The world is a canvas, especially to budding artist Sang-Jin Lee. Though a busy senior involved in a variety of extracurricular activities, he always finds time to invest in his art. In addition to creating his own artwork, Lee is an active member of Embryo and Creating Community.
Lee is a relatively new face in the visual arts sector of Westminster. Though he only began taking art classes in sophomore year and joined Embryo and Creating Community during his junior year, Lee has consistently excelled in all sectors of his art career.
“He showed great promise in the beginning. I was shocked to see him in the classroom, as I had never seen him before,” said art teacher Lauren Sleat. “But right off the bat he showed me that he was very talented.”
Sleat has taught Lee since he began at Westminster, and has been impressed by his work, as have his other teachers.
“He obviously did very well. In general it was a year where he realized that he wanted to take art seriously,” said art teacher Ben Steele. “He started asking me about summer programs and eventually went to the Washington University in St. Louis this summer, a phenomenal summer program for dedicated artists, and also my alma mater. It was this kind of arc where he came in being interested in art and left with a real sense of purpose and began thinking about his future. That became evident in his working style, he was always in the studio during his free time, drawing and just hanging out.”
A contributing factor to Lee’s success is his passion for art and the dedication he shows to it in and outside of the classroom. Although he has not exclusively focused on art in his academic career, Lee uses art as an escape, sketching between homework assignments and drawing whenever he feels something he needs to put something on paper. Lee also frequents many museums in Atlanta, simply to observe, learn from, and be surrounded by great art.
“He has been a permanent fixture in my room since I’ve known him,” said Sleat. “He spends all of his free time in here. I see him here during school, after school, office hours, and open studio. This is true, he truly wants to be here.”
While he is not free drawing, he works constantly on projects for class. Within class, though an expert on a variety of styles of art as shown by his large portfolio, he began to develop his own distinctive style.
“I’m really interested in illustration,” said Lee. “That relates to communications design, which is the arts departments of companies, the ones that make the advertisements. Within that, I try to make narrative pieces, and have stories in my work. Given that, I want my art to be relaxing, and make people notice little things in their lives that most people brush off as not important. If you look deeper there’s a lot of great stuff all around you.”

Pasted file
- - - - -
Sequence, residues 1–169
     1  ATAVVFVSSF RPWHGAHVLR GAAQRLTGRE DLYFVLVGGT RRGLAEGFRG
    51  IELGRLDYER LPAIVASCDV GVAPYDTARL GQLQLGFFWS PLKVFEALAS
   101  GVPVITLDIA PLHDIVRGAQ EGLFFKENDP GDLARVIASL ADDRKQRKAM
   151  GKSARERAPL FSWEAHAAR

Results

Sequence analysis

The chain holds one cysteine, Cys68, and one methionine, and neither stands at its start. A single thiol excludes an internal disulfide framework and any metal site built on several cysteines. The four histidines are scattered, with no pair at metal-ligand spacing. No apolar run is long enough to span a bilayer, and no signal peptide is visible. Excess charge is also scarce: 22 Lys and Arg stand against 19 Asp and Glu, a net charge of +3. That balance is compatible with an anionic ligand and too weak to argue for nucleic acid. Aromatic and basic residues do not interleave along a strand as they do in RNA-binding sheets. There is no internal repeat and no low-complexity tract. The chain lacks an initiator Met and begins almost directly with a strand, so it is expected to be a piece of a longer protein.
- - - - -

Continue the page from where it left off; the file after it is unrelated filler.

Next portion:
His illustrative designs were finally showcased at the end of junior year with their open-ended final project. Lee decided to make a five-paneled comic strip using his printmaking skills, with much praise from peers and instructors. Lee is also able to exercise his love for illustrations in Embryo, the annual creative arts publication, and has taken on a major role there as a senior.
“This year I’m a head editor at Embryo,” said Lee. “With that comes another level. Instead of just selecting anonymous student art and literary submissions, I will have to organize and format the magazine as well as creating an overall theme and feel for the magazine.”
He and Steele, one of the faculty heads, are also involved in Creating Community. The Creating Community Cohort is a student group that enjoys analyzing and visiting public spaces and engaging in dialogue concerning the effect of art on a community space.
“Creating Community looks at public spaces and steps we can take to improve a public space,” said Lee. “We see what’s working and what’s not. Living Walls Atlanta, for example, goes to places that are generally more run-down and then clean them up by painting murals. That makes people more inclined to visit those areas. It increases activity in the area and overall helps build the community. Though we don’t actually paint the murals, we still learn about the art and its effects. And, when we went on our capstone trip, that year to New York, we actually got to meet an acclaimed artist who was planning a public space in Detroit or Chicago, and were able to talk to him about his work.”
Though not an extremely large or publicized group, Creating Community attracts Westminster students from all sectors of art such as musicians, performers, and visual artists, like Lee.
“It’s a good group,” said Steele. “And it’s great that Sang-Jin joined last year and is continuing to do so this year. It is another example of him truly opening his eyes and seeing how diverse art can be, how you can get involved in it in so many different ways, and how it can become a life in a really positive way. With it you can shape other people’s lives as well as connecting with people who think like you. It’s really powerful.”
A truly outstanding student, Sang-Jin Lee has impressed and inspired peers, advisors, and instructors throughout his brief yet illustrious high school art career.